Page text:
Free Comic Book Day is fast approaching, and 12-Gauge Comics is making the most of the annual celebration of the storytelling medium. This Saturday, “The Ride” takes center stage once again with a story by Nathan Edmondson and Paul Azaceta teasing the return of the series this summer. “The Ride” centers around a ’68 Camero and the journeys taken by its passengers. This time around, all “The Ride” stories share a theme: southern gothic. The 9-page Free Comic Book Day teaser by Edmondson and Azaceta is the first part of a full story about a key party gone wrong that appears in one of two 48-page prestige format books hitting stores in August and September. Other creators involved in the series revival include David Lapham, Ron Marz, Dexter Vines and Rick Leonardi.
CBR spoke with Edmondson, Azaceta and series editor Keven Gardner about the Free Comic Book Day issue, how the revival of “The Ride” took form, the inspiration for Edmondson and Azaceta’s contribution and the southern gothic theme of the books.
CBR News: Keven what’s the concept behind this revival of “The Ride?”
I’m very versed in southern gothic literature, with Flannery O’Connor’s work and Cormac McCarthy among my favorites. I’d like to consider myself a scholar of those writers. Along that dark, between the red clay and the Spanish moss and the loblolly pines across the south, there’s sort of something sinister you can see there. The story is a brief one. It’s not just something we were able to explore over 100 pages. I think Paul did a fantastic job, even in the more pedestrian panels, of giving a sense of a seriousness, that there’s a reality to all of this.
I’m glad you brought up the southern gothic theme. What does it mean to you and how do you feel this particular story capitalizes on this concept?
Azaceta: Southern gothic would be not just about the setting of the place — obviously, the gothic and noir or darker stories go into it — but adding the southern really adds a setting to it. Cormac McCarthy’s stuff deals with the southern border of the United States, and this story that Nathan wrote is more in country or rural areas. I think it has a lot to do with that — setting and stuff. Maybe it’s just because I approach it visually, as an artist, and I think about a lot of that stuff. For me, it’s the setting.
Edmondson: I think playing off of what Paul just said, Athens as a city — especially Athens in the ’80s — was one of those foreign to Italy renaissance hubs for activity. It was the music scene in the country, in the same way in the ’90s Seattle would become and later Atlanta for hip-hop. But Athens, it’s a college town first and foremost. It’s also a town kind of in the middle of nowhere. It’s surrounded by — no matter where you’re coming from, you have to drive through a lot of hills and trees and kudzu. You’re going to cross a bunch of rivers and stuff. There are just some unique things about Athens. I think Paul did a phenomenal job of showing and establishing the setting, with the earrings the girls are wearing and the carpeting and the decor and in the ambiance of the shadows. You get a sense very quickly. He’s a very talented artist, so it shouldn’t come as a surprise to anybody that he can establish the mood for these things so quickly.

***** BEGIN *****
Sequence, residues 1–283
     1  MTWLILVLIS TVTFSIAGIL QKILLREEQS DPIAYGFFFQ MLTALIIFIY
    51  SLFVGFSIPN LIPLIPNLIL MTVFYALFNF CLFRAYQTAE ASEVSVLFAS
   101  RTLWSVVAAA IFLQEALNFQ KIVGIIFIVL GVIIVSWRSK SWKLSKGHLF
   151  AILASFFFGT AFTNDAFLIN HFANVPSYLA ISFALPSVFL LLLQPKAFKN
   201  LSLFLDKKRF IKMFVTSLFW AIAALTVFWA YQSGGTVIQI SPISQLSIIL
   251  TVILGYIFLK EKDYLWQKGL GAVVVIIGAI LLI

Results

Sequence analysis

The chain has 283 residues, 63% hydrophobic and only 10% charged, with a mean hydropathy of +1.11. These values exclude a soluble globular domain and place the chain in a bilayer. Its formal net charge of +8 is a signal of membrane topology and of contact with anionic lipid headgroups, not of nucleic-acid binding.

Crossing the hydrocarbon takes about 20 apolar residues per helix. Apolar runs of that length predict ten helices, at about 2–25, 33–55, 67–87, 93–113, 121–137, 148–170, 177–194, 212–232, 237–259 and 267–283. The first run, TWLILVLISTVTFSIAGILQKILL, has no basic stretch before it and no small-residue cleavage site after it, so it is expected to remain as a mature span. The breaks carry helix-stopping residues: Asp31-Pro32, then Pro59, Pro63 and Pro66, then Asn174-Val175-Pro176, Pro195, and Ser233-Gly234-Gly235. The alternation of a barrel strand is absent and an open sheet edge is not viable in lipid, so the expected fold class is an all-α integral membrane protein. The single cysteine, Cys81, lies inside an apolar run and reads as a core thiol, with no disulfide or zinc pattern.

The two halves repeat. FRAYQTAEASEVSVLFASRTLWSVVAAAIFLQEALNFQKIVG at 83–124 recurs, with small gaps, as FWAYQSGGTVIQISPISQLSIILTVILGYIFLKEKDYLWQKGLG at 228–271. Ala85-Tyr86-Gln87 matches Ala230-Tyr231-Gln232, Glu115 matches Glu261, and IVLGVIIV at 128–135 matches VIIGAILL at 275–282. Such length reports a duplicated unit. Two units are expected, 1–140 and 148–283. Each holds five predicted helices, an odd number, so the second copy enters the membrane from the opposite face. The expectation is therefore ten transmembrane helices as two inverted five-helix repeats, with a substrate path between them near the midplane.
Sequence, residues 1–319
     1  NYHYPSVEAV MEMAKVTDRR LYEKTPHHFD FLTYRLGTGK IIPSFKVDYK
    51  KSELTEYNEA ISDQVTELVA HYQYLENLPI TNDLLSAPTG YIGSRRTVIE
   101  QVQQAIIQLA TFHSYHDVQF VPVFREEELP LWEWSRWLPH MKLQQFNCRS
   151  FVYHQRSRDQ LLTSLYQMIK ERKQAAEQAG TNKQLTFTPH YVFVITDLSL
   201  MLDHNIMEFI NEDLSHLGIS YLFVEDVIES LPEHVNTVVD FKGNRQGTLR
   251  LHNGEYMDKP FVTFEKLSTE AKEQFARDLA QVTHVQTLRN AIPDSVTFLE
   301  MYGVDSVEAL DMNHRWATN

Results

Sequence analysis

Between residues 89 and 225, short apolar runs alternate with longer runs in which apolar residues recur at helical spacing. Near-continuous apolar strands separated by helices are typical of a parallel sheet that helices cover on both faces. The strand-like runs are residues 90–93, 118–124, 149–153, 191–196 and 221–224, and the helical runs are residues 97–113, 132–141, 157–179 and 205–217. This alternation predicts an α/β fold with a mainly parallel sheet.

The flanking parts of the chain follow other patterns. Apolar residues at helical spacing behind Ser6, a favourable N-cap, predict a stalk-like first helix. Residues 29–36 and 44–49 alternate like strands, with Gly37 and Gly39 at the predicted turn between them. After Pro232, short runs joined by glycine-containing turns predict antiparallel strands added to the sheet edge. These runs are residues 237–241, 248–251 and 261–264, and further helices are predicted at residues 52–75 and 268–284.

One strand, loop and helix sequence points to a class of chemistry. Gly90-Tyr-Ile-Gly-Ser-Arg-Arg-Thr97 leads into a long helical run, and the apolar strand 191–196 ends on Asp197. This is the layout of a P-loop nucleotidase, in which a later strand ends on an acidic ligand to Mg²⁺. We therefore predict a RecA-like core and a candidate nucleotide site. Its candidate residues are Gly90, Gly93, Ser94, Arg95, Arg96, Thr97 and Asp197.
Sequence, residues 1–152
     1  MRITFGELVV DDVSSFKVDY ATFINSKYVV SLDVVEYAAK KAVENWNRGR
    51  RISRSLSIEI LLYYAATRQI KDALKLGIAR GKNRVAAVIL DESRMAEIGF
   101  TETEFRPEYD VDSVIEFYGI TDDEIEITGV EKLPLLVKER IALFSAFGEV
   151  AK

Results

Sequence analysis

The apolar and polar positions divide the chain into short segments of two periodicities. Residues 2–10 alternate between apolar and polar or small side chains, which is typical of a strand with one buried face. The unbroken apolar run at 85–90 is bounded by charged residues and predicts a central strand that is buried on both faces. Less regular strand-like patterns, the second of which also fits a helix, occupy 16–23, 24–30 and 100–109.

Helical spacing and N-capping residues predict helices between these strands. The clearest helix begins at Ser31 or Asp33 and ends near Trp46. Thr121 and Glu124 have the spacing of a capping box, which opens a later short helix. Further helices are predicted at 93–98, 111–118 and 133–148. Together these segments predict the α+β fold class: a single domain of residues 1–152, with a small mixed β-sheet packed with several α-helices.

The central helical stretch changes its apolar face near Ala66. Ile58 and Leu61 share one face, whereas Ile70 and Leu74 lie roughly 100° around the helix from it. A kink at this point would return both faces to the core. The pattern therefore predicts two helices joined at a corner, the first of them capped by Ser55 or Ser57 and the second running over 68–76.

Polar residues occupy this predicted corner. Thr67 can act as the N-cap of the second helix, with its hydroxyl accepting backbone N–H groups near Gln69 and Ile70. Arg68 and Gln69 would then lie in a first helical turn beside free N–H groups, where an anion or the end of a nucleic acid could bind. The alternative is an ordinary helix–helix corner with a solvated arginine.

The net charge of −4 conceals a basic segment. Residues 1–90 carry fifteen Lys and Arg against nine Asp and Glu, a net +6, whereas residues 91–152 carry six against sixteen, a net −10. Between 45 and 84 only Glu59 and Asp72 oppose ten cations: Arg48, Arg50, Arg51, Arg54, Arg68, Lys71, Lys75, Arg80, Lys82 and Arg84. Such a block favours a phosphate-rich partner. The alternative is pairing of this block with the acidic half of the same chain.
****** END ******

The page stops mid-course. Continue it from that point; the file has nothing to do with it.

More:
One thing that attracts me to putting stories in the south or these sorts of stories is something that Flannery O’Connor said — and I’m not sure I can quote it exactly — but the essence of it is, in the south, we can still recognize good from evil whereas the rest of the world has gone grey. We still know black from white, here. If we react to freaks in the south, we can still recognize them, or something like that. When you’re setting something in the south, you have that opportunity to see something differently than the rest of the world, see things in the way the rest of the world would find pretty damn strange but in that strangeness, there’s a uniqueness and there’s something interesting to tell in the story.
Honestly, all this is so big compared to the little crime tale that we tell, but I think that Keven and 12 Gauge have a thing for this too — I don’t want to speak for him, but being from the south, this is something we all know in the back of our heads.